On Wednesday, Brockhouse called the unidentified firefighter a “coward” and said the audio clip was likely taken out of context.

Brockhouse’s history as a paid consultant for the police and fire unions as well as his mayoral aspirations have been well known for years.

“We have seen an extreme lack of leadership in the Mayor’s office over the years,” a Wednesday statement from the fire union reads. “In Greg [Brockhouse], we see someone who listens to the people, someone who won’t be owned by the city manager and/or special interests.”

14 thoughts on “Fire Union President Distances Himself From Proposition Fight

  1. Dude- this civil servant is BOLD! Fire Chief Hood , how can this civil servant still be on city (fire public servant) payroll? I read in SAEN that you disciplined him for “Fake Uniform”; So, are you able to TERMINATE his position?
    I, as a informed voter/ tax paying citizen of COSA will not have a Public Safety union (whatever # of active FF’s) dictate charter amendments!!
    Let Evergreen clause run (4 of 10 years, now) then start Fresh. Is there such a thing as County Fire Department ( eliminate City Fire Department)?

  2. It’s clear from the recording that the charter amendments represent a power grab by Chris Steele and have nothing to do with improving our city or helping firefighters. If these propositions pass, we will pay more in taxes and receive less in city services. The amendments would increase the number of years between capital improvement bonds, and tie our hands when hiring the next city manager. And, the low threshold for creating referenda would be abused by zealots to want to roll back the progress our city has made in the last few years. But Chris Steele doesn’t live in the City of San Antonio, so I guess it doesn’t matter to him if we have to suffer because of his ruthlessness.

  3. The Mayor is actively campaigning to DECREASE citizen’s voice at City Hall. Think about that. Forget this Steel character or anything else. Remember this in May- Ron has to go.

    • Nope. Wrong. If this amendment doesn’t pass, nothing changes. The status quo that the firefighters union had to meet to get these amendments on the ballot in the first place would remain.

      • Andy – What is the status quo for a proposition to modify the charter? 20,000 signatures. That’s what the Union got.

        What is the status quo for a proposition to challenge a CoSA ordinance? About 70,000 signatures, or 10% of voters. That’s what Prop A is about.

        What does Texas statute 174.053 say about petitions for collective bargaining for the Fire Union: the lesser of 20,000 or 5% of voters. In CoSA, that would be 20k. Note that it says the “lesser”, or a lower threshold for voter action, not a higher one.

        10%, or 70k, is too high and is inconsistent with other rules.

        20k, or what Prop A asks for, would make those numbers align.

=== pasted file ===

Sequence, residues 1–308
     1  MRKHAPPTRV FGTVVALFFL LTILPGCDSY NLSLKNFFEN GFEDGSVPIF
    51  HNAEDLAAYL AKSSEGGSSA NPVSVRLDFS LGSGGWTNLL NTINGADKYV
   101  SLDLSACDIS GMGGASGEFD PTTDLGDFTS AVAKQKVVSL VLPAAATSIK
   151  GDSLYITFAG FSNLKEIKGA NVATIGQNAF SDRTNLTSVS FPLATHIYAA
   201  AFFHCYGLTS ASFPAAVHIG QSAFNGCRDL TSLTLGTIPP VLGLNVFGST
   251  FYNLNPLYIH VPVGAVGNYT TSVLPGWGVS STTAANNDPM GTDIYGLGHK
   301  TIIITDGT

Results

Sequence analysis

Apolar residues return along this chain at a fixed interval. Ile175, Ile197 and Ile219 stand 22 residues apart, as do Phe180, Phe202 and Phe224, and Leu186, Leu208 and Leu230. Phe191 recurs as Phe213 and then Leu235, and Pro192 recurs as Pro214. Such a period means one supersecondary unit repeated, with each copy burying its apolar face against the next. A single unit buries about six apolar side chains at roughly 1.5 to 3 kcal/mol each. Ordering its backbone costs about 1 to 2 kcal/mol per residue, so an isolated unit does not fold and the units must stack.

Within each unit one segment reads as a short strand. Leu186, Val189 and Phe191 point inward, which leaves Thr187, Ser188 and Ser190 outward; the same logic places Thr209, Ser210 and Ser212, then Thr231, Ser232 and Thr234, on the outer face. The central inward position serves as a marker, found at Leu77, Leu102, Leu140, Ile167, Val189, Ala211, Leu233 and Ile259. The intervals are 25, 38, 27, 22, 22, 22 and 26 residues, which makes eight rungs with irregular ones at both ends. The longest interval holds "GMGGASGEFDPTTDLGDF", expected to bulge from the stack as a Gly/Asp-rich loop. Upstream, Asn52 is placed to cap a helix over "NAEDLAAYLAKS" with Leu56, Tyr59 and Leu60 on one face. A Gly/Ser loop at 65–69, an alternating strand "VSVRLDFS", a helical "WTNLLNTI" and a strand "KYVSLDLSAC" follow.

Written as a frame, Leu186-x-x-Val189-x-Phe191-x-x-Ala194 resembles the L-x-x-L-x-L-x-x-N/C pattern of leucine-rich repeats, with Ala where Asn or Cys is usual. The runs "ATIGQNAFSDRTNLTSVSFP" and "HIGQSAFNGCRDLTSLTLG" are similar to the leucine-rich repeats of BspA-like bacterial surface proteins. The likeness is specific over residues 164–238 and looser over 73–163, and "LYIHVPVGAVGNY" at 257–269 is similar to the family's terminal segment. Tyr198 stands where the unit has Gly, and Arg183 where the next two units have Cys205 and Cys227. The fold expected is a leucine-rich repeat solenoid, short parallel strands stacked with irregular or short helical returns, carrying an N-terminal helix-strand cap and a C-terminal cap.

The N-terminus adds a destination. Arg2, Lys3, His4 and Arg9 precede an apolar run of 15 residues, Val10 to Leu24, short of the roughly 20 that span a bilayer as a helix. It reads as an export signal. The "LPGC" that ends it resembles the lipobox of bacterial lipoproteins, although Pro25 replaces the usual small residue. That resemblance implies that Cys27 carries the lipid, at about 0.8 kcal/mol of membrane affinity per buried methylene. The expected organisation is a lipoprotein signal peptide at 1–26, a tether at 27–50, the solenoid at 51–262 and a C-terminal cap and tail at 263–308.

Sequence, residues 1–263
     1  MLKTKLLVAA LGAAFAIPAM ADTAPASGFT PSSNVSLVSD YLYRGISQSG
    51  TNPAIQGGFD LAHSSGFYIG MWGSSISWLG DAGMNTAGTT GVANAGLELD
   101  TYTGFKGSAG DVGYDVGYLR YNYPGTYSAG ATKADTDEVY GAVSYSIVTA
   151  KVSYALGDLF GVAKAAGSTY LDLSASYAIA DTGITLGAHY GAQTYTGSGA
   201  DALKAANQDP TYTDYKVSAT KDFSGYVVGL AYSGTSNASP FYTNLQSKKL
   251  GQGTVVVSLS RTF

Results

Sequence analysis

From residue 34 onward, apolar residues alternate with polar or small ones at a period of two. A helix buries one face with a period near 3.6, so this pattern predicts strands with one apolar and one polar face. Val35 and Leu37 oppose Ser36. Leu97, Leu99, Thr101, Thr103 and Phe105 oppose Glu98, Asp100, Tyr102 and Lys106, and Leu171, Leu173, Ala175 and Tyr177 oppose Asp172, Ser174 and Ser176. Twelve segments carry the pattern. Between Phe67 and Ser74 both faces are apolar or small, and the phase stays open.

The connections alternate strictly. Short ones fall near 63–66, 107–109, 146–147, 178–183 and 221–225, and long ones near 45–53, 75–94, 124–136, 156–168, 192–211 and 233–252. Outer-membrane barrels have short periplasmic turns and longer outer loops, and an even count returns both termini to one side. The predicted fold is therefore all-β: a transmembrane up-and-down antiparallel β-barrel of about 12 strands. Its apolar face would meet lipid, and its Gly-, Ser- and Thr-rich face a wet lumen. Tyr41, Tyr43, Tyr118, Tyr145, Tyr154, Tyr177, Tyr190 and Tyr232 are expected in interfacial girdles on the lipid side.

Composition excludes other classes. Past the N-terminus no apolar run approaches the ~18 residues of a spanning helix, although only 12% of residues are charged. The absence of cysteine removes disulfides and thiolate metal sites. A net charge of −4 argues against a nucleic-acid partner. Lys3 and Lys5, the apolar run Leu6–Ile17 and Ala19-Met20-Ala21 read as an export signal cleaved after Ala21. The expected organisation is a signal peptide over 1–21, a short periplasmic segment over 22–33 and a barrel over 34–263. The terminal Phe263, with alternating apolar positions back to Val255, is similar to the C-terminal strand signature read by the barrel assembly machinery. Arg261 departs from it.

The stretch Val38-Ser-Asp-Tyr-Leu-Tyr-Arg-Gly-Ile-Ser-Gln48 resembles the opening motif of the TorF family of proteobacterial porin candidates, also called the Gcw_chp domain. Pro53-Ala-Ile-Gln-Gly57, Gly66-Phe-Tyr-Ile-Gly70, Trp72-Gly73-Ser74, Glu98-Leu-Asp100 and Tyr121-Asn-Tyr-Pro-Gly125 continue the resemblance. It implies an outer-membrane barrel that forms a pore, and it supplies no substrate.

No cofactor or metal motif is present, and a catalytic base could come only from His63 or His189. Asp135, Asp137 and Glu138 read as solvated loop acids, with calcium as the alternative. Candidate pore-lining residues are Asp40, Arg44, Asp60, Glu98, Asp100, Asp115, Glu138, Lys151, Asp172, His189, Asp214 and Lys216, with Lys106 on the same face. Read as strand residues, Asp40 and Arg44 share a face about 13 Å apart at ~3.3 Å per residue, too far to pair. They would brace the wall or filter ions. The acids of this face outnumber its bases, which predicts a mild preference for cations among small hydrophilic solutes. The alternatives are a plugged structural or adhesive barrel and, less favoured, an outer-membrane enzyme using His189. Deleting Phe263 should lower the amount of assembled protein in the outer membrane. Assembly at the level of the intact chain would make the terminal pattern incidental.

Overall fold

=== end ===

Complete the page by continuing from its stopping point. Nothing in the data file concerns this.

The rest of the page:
4. Steele and the firefighters union are but ONE issue. We are voting on 3 items that have to do with “we the people”. Two of those give us the right to have a voice, which as many present-day issues have shown, we have not been heard. Do not let this issue with Chris Steele cloud your vision. I am also appalled the “tape” and the views above have tried to besmirch the reputation of Greg Brockhouse. It is NOT his voice! VOTE YES. Call me sceptical when the City Council (of whom these votes will take away some of their almighty power) and this publication push their NO agenda. I have never seen public governance so strongly telling the public how to vote!

  5. With this propositions elections we have an opportunity to redistribution power back to the San Antonio citizens. The millionaires funding the vote no campaign will have their puppet fear monger, bad mouth, countinue their misinformation campaign to confuse the issue. I will Vote YES because we the people need more of a voice in our government. #GoVoteYES

  6. By all means, vote for these propositions if you want to bring California-style referendum nonsense to San Antonio and make this city broke and ungovernable. Let’s ensure we can’t ever get a decent city manager and that public-sector unions continue to get unsupportable benefits. And let’s make taxpayers pay for all of this. By all means, let’s do all the above, if you want to experience living in a place like Detroit without actually having to move there. Chris Steele and Greg Brockhouse are power-hungry halfwits and these propositions are idiotic.

  7. I’m voting Yes on A, and No on B & C.

    The current 70,000 signature threshold is too high in voter-apathetic San Antonio. Under that criteria, it would take nearly 130% of the mayor’s supporters to even put an issue on the ballot to see if the public agreed/disagreed. Nirenberg was elected with 54,000 votes, but you need 70k to even get an item on the ballot? Does that make sense?

    San Antonio voters should have an option to reverse bad policy by the Council with an achievable threshold – and in this climate, 10% is too high.

    The cost for SAWS sewer program has exploded by over 40% and $400 million, up from $1.1 billion in 2017 to an estimated $1.5 billion in 2018. Did the mayor & SAWS board member mention this to the public? Your sewer bills have gone up over 100% in the past 10 years – does SAWS tell you this, or do they persistently misrepresent it?

    Sewer has an 8% rate increase this year, but SAWS – and the mayor – says 3.7%. Read the ordinance, not SAWS slides.

    Water supply rates to pay for Vista Ridge will go up between 40-50% in 2020, but SAWS claims it’s only a 9% increase by misrepresenting the impact. The media, to include Rivard Report, does not report this, but does repeat SAWS’ talking points with almost no analysis.

    That’s why I’m voting yes on A – because the current power structure in CoSA is happy with apathetic voters that are not able to affect policy due to the excessive burdens to entry.

    A Yes vote on A is not a vote for the union. If I could vote to disband collective bargaining for them, I’d do that too.